Understanding American wealth distribution
I’ve written some of this information elsewhere before, though this is certainly updated.
I’ll start with a question:
If we were to divide the American population into fifths (called quintiles, 20% chunks) by wealth, what do you think the distribution of wealth by quintile should look like? If you’re a communist, you say the percentage of America’s wealth by quintile should be the same as the percentage of population. But capitalism doesn’t work like that. Come up with an ideal distribution you think makes sense. This question applies to everyone, including Republicans.
If you ask this question, even Republican answers aren’t as skewed as reality. I’m going by figures that are about eight years old; by now, the figures should if anything be more skewed. Here’s about how the numbers looked:
Richest quintile ca. 84%
2nd richest quintile 11%
Middle quintile 4%
2nd poorest quintile 0.2%
Poorest quintile 0.1%
That’s right, the poorest 40% of America’s population has less than 1/3 of 1% of America’s wealth. Right now for the poorest quintile I was generous because they’re actually in debt for more than they’re worth. Their percentage is negative. We keep on looking at the One Percenters. We should start on the other end of the scale, at the 0.3 Percenters (of wealth, not population).
What does this really mean? What does it look like? To answer that question, I’m going to use a form of measuring wealth I used in a post years ago. The problem with looking at wealth is that we don’t have a sense of scale: one …illion just seems like the next …illion. But they’re not. To give you a sense of scale, I want to compare money to something you understand vast differences of scales in. I’ll use time because we all understand a minute and we all understand a decade. So, the equation is one second = one dollar. A reasonably expensive meal is about a minute a person, 60 seconds. A day has 86,400 seconds. The median price of a house in the US is just under three and a half days, mortgaged of course. A million seconds is at just over 11 1/2 days.
And then it gets interesting. If a million seconds is 11.57 days, a billion seconds is roughly 11,570 days. Let’s express that in years: about 31 2/3 years.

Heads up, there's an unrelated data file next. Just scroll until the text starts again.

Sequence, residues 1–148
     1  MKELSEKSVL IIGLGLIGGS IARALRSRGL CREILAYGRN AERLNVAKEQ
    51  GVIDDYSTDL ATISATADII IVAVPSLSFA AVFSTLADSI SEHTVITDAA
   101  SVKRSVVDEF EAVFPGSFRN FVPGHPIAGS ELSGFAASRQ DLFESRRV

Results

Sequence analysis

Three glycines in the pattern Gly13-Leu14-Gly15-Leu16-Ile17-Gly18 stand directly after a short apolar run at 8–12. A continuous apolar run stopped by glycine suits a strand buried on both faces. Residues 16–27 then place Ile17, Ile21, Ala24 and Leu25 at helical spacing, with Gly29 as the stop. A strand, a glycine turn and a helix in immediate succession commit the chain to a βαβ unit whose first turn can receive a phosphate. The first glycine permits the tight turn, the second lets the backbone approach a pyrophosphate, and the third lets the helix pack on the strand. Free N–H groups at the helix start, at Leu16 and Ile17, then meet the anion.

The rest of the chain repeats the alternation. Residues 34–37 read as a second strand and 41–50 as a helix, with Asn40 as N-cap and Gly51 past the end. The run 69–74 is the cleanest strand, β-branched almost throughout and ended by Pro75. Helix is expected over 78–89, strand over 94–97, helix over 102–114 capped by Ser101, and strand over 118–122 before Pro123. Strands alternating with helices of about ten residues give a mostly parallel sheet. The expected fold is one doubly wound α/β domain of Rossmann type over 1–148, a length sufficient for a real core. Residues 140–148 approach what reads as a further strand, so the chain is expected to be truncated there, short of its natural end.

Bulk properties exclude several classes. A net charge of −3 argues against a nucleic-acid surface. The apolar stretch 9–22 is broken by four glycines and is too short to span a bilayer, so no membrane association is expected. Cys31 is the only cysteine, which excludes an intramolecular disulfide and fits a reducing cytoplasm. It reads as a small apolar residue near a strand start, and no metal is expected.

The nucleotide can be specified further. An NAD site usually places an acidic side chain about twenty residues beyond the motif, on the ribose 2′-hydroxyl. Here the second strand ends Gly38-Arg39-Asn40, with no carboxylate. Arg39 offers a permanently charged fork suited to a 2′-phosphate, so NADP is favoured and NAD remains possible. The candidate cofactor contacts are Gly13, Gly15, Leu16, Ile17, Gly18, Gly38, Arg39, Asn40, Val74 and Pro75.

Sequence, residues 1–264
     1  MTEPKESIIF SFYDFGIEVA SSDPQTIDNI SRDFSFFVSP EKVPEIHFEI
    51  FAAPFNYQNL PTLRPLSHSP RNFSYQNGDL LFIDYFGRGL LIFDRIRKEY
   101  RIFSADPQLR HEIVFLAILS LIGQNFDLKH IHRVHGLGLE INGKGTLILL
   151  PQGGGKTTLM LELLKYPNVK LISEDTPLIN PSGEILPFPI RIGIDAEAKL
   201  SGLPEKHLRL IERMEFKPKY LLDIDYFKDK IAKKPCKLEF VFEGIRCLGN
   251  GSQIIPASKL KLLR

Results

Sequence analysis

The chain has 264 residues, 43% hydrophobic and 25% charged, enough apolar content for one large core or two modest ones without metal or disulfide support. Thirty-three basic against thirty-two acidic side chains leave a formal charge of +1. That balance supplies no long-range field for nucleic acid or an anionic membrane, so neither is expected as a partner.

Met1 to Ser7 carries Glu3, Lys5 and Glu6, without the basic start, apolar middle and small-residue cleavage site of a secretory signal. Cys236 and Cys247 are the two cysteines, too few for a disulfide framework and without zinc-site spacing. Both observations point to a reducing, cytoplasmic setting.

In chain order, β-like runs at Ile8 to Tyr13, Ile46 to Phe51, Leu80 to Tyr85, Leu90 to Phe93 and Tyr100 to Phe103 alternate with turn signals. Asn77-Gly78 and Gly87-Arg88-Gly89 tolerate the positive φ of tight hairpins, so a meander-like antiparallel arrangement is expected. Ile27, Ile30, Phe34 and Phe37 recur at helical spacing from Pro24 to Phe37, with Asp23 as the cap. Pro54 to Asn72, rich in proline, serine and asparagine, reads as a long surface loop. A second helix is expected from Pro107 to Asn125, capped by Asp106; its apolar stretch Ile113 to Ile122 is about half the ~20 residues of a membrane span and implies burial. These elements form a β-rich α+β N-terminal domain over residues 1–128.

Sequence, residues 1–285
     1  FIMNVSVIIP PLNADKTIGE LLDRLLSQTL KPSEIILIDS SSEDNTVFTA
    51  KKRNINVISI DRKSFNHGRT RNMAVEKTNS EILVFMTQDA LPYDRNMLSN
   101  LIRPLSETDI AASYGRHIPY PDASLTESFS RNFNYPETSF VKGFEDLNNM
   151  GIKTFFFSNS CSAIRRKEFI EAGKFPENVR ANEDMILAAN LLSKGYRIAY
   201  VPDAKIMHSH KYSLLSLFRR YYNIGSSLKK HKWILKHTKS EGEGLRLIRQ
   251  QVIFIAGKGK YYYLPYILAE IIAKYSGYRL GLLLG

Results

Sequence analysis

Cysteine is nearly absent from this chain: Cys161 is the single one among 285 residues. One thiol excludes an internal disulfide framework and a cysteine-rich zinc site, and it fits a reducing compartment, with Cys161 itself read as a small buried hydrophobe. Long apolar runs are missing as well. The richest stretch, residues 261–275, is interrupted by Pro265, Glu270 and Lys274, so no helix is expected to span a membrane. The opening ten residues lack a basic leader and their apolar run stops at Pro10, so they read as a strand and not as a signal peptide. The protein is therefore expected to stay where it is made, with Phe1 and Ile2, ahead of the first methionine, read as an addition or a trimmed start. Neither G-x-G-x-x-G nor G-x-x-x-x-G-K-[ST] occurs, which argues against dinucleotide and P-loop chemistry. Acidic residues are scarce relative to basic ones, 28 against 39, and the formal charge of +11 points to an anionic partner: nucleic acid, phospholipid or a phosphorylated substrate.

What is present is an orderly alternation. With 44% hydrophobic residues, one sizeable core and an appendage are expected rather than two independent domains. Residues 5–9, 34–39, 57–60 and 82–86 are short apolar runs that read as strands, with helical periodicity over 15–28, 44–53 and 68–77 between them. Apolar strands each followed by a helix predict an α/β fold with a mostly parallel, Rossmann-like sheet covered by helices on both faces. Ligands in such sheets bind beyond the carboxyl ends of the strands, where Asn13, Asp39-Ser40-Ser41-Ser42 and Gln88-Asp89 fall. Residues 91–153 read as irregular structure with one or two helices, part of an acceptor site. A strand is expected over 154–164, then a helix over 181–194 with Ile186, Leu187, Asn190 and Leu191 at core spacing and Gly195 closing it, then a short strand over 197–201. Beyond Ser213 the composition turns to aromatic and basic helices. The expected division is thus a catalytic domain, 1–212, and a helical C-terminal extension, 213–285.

The average American lives in mortgaged house worth about 3 1/2 days (median US house value). What’s the richest American, Jeff Bezos, worth? If we measure his time into the past, it takes us past the beginning of recorded history. If we measure it into the future, it takes us roughly to the year 8100 CE. He’s worth about 6,100 years. (If you don’t trust me, he’s worth about $195 billion. You can do the arithmetic yourself.) Bill Gates’ number would only take us back as far as Abraham. For Elon Musk, add about eight centuries to that.
When you understand that they pay lower tax rates than we do, you begin to understand one significant reason we run huge federal deficits. Not only do they pay lower tax percentages, the Republicans would like to do away with inheritance taxes altogether. This would be a great way to create American royalty or at least American nobility, understanding that I’m talking about class, not nobility in a personal sense. Think about the prospect of Don jr. and Eric being worth maybe 50 years apiece. What exactly have they accomplished? Not only would it be a great way to stratify and ossify class, it would be a great way to make the United States Government poor.
We’re not talking about their objecting to a particular size of inheritance tax, we’re talking about their objecting to its existence at all. How necessary is this for the preservation of wealth among the very wealthy? For that I’ll use the late David Koch as an example. He had a wife and three children.I don’t know that this is true, though it probably is, but let’s assume that the estate was divided into four equal parts. Now, just for the Hell of it, let’s get extreme and pretend that the inheritance tax was effectively 99%. This is a ridiculously high number that I do not advocate anything like and that we‘ll never get close to, particularly given strategems to get around paying a lot of it, but let’s say for this example that the rate was a real enforceable 99%. How destitute would Mr. Koch’s heirs be left?
They’d inherit roughly $125,000,000. One hundred twenty-five million dollars. Does that sound like their lifestyle would be excessively limited?
That hundred twenty-five million figure might be a bit ambiguous, so I’ll clear up the ambiguity:
That’s one hundred twenty-five million dollars each. That’s the leftovers after taking 99% of it. And Republicans want us to take Zero.
That pretty much says they don’t want America to be for Americans but for a few of their donors.
And, by the way, this would be terrible for business. The more money is concentrated, the less it gets spent at American businesses, the fewer people they hire, the less they order, the less taxable profits they generate. That’s a longer post and one I’ve already written, possibly multiple times.
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